Bias-Cut Camisol

Pattern: slip from Vogue's Anna Sui Misses' Dress and Slip #1177
Fabric: 1 yd cotton silk blend
Cost: $18

I love love love cotton silk blends. Whenever I go to the fabric store I drool over their rich feel, luxurious softness, and relative stability. And in an array of jewel toned colors, they are so pretty! But at $18 a yard they are a bit more than I like to spend on most of my projects (hello grad school budget!). I do have a yard of gold and a yard of white in my stash, and I decided it was time to sew one of them up for a quick mid-semester project.

With limited yardage, I landed on making a camisole top. I've seen quite a few of these around, and they seem fun yet casual. I also need some for under jackets and such. I dug around in my stash and found an Anna Sui dress pattern that came with a slip, which seemed like a good and free option. The slip is cut on the bias so that the top hugs your curves, and I had just enough fabric to make it in my size.

Overall this is a very simple top to make, but the precious fabric and bias cut require careful handling. I used french seams on the sides and drafted facings for the neckline for a seamless look. Unfortunately I made the decision to draft the facings on the grain rather than the bias which proved too constricting, and so I had to cut them shorter for ease of mobility. I guess I should have known better, but I don't often sew things on the bias so it was a learning experience.

Interestingly enough, I've actually made this pattern up once before in the same type of fabric, but cut on grain. The bias cut definitely improves the comfort. However, I repeated one mistake in cutting it the exact same size, which for me results in extra fabric at the armpits. I had to unpick my precious french seams and facings and perform some garment "surgery" to get the fit right. In the end, however, it worked out well.

I'm not as in love with the top as I could be. It might have worked better in something a bit drapier and less prone to wrinkling, and I still haven't made my mind up about the color. I'm also not convinced about bias-cut garments - the fabric doesn't behave the way I think it will on the body, and overall feels a bit shifty. This is definitely the type of garment that requires technical knowledge, despite its simplicity. I have worn it out, however, and I think I'll give it a few more chances to win me over. And I still have yard number two in white to experiment with.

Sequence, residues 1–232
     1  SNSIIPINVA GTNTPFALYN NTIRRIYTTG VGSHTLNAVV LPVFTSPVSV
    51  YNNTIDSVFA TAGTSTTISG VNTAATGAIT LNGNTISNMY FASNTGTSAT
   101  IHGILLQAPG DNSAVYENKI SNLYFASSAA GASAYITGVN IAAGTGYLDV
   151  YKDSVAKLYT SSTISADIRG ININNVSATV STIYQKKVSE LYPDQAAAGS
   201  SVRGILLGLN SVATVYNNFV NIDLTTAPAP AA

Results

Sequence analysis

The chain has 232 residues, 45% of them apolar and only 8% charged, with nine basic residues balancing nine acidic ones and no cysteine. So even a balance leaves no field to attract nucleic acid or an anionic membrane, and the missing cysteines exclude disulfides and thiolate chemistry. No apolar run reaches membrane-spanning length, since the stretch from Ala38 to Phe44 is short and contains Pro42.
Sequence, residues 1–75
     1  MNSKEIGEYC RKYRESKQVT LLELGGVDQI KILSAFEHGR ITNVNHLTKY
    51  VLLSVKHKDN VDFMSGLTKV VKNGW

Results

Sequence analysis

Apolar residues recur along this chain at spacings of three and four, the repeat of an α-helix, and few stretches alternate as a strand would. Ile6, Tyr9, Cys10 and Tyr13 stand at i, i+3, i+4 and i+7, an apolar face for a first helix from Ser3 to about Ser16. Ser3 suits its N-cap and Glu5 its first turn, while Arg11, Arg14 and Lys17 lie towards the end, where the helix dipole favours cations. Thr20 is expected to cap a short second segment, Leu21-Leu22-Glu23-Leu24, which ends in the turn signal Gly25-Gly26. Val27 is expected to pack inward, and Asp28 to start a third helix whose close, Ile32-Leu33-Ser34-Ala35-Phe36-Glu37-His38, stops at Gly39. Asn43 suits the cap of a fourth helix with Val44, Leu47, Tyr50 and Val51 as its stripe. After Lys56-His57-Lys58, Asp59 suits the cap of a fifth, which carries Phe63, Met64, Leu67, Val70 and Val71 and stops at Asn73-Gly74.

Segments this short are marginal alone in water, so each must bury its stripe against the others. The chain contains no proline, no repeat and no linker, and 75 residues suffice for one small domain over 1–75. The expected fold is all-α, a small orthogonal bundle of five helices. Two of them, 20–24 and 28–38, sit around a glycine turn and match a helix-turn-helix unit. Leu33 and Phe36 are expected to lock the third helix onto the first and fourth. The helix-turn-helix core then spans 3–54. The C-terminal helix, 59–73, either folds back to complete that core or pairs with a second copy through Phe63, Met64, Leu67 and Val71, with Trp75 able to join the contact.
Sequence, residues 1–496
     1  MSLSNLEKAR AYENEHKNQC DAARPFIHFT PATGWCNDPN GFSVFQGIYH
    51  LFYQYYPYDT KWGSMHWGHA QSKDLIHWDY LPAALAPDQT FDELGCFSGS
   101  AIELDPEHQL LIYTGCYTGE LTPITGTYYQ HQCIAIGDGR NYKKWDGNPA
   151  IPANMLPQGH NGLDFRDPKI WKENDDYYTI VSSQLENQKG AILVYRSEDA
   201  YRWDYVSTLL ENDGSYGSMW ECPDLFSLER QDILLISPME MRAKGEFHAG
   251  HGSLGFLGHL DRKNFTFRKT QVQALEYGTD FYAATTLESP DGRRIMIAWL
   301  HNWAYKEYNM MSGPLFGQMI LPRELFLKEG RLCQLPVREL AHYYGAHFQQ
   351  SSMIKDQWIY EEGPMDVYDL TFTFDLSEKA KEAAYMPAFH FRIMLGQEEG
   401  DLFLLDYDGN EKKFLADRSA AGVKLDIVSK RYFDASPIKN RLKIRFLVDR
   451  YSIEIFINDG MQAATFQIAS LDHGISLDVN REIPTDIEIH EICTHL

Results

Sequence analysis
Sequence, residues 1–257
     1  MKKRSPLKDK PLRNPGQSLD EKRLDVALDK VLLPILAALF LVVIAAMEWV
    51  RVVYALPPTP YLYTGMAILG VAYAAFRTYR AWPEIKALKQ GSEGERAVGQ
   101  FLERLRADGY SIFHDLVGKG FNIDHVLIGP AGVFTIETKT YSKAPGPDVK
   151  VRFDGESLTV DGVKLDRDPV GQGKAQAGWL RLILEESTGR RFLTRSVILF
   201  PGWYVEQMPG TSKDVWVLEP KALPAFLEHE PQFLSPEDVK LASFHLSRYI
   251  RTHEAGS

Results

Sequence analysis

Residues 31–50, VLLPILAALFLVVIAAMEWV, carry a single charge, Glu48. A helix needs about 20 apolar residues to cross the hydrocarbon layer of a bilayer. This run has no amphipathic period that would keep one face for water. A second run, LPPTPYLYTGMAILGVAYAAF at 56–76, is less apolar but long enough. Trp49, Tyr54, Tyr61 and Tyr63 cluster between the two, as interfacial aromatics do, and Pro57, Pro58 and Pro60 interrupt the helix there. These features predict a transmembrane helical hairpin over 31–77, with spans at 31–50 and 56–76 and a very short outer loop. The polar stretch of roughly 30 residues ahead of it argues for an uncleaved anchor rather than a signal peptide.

1. It's very pretty! I think the color says 'autumn' a bit more but it's a color that I love!

  2. It looks great! It can be hard to find a good slip pattern–very clever of you to find one in the dress pattern.

  3. It's beautiful! I love the color and the bias drape is perfect. I've been meaning to make some of these up too, but it always seems to get pushed down the queue...

  4. That colour is fabulous. Always handy to have a good slip pattern!

  5. It looks great on you, and what a beautiful, lustrous fabric! I imagine it'll be perfect for layering in autumn - I hope it wins you over soon!

  6. This is just lovely. I made several items in a bias cotton silk blend recently and I, like you, just can't really get with the bias. I don't often wear things (handmade or rtw) that are bias cut and I didn't enjoy the slinkiness all that much.

    1. Glad it's not just me. One of my theories is that bias-cut garments have to be e executed perfectly, and you can tell if anything is 'off.' But maybe I just don't like the feel!


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